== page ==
Incredible Discoveries Ten Years Later in Zelda Speedrun

There’s a fascinating speed run of Zelda: Ocarina of Time that made it onto¬†metafilter, where the game is beaten incredibly quickly through an ingenious set of bug exploits that were gathered over the course of ten years.

I queued up the most interesting part of it on YouTube, where the speedrunner skips a huge part of the game through a difficult and technical exploit, and goes on to describe the elaborate twisted ways in which it works:

Crazy explanation of Speedrun as he continues to beat the game (watch a few seconds of this before you bounce off the page, my text isn’t nearly as interesting as this guy’s explanation.)

If you have the time, the whole video is pretty interesting. Ordinarily I wouldn’t watch something like this, but I got sucked it by the description of how the discoveries were made over the course of years, and how the speed run continued to evolve through a dedicated curious community.

What’s fascinating is the level of complexity and interesting discoveries hidden in just about any complex system, whether it be science, math, or even an old video game. It probably helps that I’m guessing this game had to be rushed out the door and perhaps had some inexperienced programmers working on it, which led to a more fascinating and strange world for speed-runners to explore.

11 thoughts on “Incredible Discoveries Ten Years Later in Zelda Speedrun

  1. Your guess is a bit off the mark. Ocarina of Time was one of the flagship games for Nintendo’s then-newest console. It pushed the envelope of gaming in about a dozen ways simultaneously, and is widely regarded as one of the best games ever made.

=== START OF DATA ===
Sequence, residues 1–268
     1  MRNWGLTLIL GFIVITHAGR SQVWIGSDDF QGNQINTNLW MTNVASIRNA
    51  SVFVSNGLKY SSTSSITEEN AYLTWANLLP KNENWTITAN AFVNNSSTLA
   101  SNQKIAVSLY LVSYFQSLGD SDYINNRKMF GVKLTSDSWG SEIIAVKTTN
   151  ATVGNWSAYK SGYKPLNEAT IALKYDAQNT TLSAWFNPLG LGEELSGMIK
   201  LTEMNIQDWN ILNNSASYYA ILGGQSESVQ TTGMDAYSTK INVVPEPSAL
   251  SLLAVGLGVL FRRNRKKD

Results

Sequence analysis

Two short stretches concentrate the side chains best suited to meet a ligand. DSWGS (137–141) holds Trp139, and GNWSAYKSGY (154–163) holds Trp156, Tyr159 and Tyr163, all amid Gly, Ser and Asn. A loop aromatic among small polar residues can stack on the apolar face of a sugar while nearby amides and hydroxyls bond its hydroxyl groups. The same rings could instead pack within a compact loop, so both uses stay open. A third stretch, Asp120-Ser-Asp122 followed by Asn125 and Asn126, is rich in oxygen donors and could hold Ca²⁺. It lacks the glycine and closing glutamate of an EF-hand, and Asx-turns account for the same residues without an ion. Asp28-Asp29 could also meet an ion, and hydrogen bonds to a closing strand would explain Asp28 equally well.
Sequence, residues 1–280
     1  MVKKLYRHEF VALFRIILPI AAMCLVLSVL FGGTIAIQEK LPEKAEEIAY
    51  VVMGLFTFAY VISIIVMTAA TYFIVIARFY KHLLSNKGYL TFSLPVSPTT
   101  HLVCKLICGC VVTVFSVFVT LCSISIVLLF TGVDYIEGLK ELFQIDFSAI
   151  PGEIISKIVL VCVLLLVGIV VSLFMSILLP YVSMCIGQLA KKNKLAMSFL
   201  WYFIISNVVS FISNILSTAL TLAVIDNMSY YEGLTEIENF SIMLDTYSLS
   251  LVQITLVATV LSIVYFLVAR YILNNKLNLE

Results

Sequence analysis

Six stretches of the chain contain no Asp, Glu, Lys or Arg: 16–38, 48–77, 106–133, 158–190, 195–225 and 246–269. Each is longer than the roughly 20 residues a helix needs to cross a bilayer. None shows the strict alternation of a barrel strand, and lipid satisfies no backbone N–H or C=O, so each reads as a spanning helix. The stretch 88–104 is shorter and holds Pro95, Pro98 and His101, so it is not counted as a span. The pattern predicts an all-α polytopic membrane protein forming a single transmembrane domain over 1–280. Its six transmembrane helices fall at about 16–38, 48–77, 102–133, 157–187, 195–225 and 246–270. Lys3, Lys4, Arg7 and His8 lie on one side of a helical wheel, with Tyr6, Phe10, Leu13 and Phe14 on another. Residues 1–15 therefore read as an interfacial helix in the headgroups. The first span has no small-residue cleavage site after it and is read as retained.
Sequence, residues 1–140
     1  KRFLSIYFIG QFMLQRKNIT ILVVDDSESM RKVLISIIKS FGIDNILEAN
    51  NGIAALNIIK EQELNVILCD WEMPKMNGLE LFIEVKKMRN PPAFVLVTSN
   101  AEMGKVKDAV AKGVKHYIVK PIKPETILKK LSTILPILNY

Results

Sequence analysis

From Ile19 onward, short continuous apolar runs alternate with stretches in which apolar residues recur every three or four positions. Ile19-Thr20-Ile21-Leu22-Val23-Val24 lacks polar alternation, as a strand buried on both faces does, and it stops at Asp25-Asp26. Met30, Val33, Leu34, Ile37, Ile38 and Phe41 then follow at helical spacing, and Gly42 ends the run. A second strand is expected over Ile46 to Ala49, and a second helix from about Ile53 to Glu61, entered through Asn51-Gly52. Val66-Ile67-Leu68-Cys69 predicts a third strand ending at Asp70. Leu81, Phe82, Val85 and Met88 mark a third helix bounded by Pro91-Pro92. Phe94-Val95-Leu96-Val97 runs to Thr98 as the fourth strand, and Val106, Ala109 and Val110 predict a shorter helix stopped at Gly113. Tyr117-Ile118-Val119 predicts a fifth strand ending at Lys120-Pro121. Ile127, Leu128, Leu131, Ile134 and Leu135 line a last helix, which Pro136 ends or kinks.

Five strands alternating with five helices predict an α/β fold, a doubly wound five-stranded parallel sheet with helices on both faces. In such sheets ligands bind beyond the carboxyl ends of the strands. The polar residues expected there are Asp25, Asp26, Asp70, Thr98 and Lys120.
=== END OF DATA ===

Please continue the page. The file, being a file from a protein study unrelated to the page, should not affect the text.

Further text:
• I didn’t mean to criticize the game inasmuch as praise the interesting bugs that made it past QA, which allowed for such a fascinating development of speed run techniques.

  2. I like that you’re so gracious to the programmers, saying that they were probably either inexperienced or rushed. Both of which may be true, but in my experience the truth is probably closer to, “No one tested game glitches involved in objects in the game being removed from memory because they were off camera when Link’s animation hit a certain frame at a certain time in a certain place.”

    Great video.

    • True, I completely agree that completely debugging a game may be impossible, and that it is much more interesting anyways that these idiosyncratic bugs exist.

      It provided such a fascinating ecosystem for many years of exploration and discovery — perhaps QA should allow more glitches than less (perhaps with a bias towards the weird hard-to-discover ones).

  3. I tried to read this on a mobile device but the yellow block with your name and the twitter follow button blocked the text. (iOS 7 iPod touch)

  4. It didn’t have to be inexperienced programmers. The coding style back in the day, apparently, was often focused on using the limited resources available, which often meant using memory for multiple purposes so long as they did not overlap. It is unfortunately not easy to know exactly when that is.

    I listened to the story of one computer scientist, Kaare Danielsen, who wrote a chess AI for a Chinese company having something like 64 or 128 bytes for both the state of the chessboard and any thoughts the AI might have. (I remember there was an inherent conflict between representing the board at full and having any additional data.)

    Just as Zelda is still played, that chess AI is still sold today.

    • That’s a good point, and complete debugging is likely an impossible goal anyways. It is amazing what programmers were able to accomplish given the limitations of past hardware.

  5. Interesting post, I will definitely watch this. I highly doubt though that Nintendo had inexperienced programmers working on their flagpole game, but probably the truth is that this game had to be rushed to be released and they didn’t just have enough resources to test all of these glitches, and probably didn’t even expect people to try out all of these crazy things. The 3D worlds were still then a pretty new thing, and Ocarina Of Time was one of the true pioneers of having an open world to explore.

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